Has Ontario condemned thousands of out-of-work racehorses to slaughter?
What were assets a year ago are now liabilities.
Without the opportunity to make money on the racetrack, race horses that once wore impressive price tags are now just costing their owners money — money they will likely never make back.
The general manager of the Ontario Harness Horse Association said he is trying to stay optimistic, despite having little reason to.
“We're still hopeful under a new leader in the provincial government that they will realize the mistakes in their decision and the impact it is going to have,” Brian Tropea said.
“We still don't believe there has been a proper cost-benefit analysis done on the decision to end the Slots at Racetrack program.
“We're not giving up at this point, but there's not a lot of reason to be overly optimistic at this point either.”
Tropea said if figures were calculated, the investments made into the industry would have been returned to the government multiple times through jobs, taxes and other avenues by now.
Keeping the industry alive would mean continued jobs for thousands in the province, and hundreds in Greater Sudbury. It would also see thousands of horses avoiding untimely deaths.
There will be about 30,000 standardbreds out of work when the racing season ends in March.
“A lot of them will go to market — a sales yard — and the hope will be somebody will be at the sale and buy them and re-home them,” Tropea said.
“But the reality is many of them won't find homes, and will go to slaughter. Some people will euthanize their horses, but that's an expensive proposition.”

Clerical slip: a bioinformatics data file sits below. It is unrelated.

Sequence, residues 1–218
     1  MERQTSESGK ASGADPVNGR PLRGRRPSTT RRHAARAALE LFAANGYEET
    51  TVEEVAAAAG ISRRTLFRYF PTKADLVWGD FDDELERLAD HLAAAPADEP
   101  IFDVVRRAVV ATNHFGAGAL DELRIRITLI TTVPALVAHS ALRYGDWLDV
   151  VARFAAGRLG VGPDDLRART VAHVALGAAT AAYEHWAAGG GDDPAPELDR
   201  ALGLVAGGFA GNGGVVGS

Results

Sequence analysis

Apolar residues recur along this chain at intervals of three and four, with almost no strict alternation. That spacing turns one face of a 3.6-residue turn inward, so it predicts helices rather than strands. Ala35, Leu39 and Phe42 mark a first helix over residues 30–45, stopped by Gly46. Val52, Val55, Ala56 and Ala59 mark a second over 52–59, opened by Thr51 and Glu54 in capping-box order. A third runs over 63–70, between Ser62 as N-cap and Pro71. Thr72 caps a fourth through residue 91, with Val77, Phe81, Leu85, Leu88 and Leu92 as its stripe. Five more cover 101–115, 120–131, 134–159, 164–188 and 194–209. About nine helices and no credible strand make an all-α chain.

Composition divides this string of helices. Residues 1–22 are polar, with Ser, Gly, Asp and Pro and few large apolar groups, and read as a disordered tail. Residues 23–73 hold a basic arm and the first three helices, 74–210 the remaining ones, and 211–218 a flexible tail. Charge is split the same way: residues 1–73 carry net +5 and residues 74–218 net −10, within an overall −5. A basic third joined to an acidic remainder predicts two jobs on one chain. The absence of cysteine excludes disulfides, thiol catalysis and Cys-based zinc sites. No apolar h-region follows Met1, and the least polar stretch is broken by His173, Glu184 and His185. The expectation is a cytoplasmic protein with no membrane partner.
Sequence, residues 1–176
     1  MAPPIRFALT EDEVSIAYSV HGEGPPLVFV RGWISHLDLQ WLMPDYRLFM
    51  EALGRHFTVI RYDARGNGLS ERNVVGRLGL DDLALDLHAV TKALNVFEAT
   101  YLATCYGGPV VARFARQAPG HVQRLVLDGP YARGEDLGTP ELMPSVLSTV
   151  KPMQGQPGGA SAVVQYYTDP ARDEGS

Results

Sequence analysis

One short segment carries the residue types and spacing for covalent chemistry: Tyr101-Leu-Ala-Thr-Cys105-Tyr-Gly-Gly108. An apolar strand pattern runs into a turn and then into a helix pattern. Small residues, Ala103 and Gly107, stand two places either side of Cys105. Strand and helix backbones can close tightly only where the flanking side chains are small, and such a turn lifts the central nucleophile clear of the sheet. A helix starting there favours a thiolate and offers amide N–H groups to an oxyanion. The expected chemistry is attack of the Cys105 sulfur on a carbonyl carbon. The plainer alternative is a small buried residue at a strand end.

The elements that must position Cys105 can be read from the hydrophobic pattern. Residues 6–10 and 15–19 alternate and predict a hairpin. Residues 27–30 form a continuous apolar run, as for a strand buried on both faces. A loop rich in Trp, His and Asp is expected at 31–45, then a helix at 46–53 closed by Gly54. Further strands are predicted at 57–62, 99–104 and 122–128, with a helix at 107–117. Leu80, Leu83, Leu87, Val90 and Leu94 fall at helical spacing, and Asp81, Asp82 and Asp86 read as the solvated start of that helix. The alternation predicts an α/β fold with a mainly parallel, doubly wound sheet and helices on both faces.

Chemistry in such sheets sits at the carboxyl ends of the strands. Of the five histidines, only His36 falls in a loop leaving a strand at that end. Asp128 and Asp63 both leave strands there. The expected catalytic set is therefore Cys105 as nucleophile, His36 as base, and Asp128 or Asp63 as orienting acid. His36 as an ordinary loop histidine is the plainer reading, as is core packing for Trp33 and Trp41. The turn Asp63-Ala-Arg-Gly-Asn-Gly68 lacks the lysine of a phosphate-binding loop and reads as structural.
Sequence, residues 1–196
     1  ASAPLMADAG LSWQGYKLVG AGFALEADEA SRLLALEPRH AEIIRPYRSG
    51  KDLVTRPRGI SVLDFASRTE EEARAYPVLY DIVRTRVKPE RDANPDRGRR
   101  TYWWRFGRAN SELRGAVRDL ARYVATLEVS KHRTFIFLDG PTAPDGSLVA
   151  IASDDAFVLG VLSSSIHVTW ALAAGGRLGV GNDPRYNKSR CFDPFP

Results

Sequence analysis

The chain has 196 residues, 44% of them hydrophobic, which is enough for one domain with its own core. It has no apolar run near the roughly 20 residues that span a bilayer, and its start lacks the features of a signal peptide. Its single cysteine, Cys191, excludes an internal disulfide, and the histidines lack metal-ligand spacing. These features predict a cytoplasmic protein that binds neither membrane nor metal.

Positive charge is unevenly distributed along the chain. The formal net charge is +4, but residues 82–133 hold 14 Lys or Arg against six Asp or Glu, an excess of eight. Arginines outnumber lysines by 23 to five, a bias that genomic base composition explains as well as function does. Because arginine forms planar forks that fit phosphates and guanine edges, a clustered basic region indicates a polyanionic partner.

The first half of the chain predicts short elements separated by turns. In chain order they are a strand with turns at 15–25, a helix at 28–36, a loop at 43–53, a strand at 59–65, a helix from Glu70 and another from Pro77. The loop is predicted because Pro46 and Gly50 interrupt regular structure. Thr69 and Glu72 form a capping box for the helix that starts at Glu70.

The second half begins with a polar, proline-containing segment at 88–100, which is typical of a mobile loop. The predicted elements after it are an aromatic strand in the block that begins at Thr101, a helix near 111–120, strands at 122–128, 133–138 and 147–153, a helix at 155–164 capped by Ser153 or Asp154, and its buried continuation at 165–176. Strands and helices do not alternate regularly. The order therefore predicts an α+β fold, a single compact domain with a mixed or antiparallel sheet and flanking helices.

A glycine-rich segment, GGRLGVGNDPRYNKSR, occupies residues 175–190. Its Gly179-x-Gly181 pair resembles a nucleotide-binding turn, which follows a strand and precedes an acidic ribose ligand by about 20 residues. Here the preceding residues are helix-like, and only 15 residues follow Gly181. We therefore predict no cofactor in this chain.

A report by the Ontario Ministry of Agriculture, Food and Rural Affairs said the province should be prepared for dealing with the influx of unwanted horses.
“If the industry closes, the panel has received expert advice that provision should be made for the humane dispatch and disposal of 7,500 to 13,000 horses in early 2013,” the report stated.
“Regrettably, initiatives to encourage euthanizing horses while supporting horse owners and other industry participants in emotional distress would be imperative.”
While an awful concept, it may be better than the alternative.
“The panel has been warned that owners may put off the humane dispatch of horses, particularly yearlings and weanlings, but leave the animals in distress from inadequate care and feeding or outright abandonment,” the report stated.
Anita TenBruggenchee, adoptions co-ordinator at the Ontario Standardbred Adoption Society, said it's a busy time for the society, despite only dealing with a few dozen of the horses in such dire need.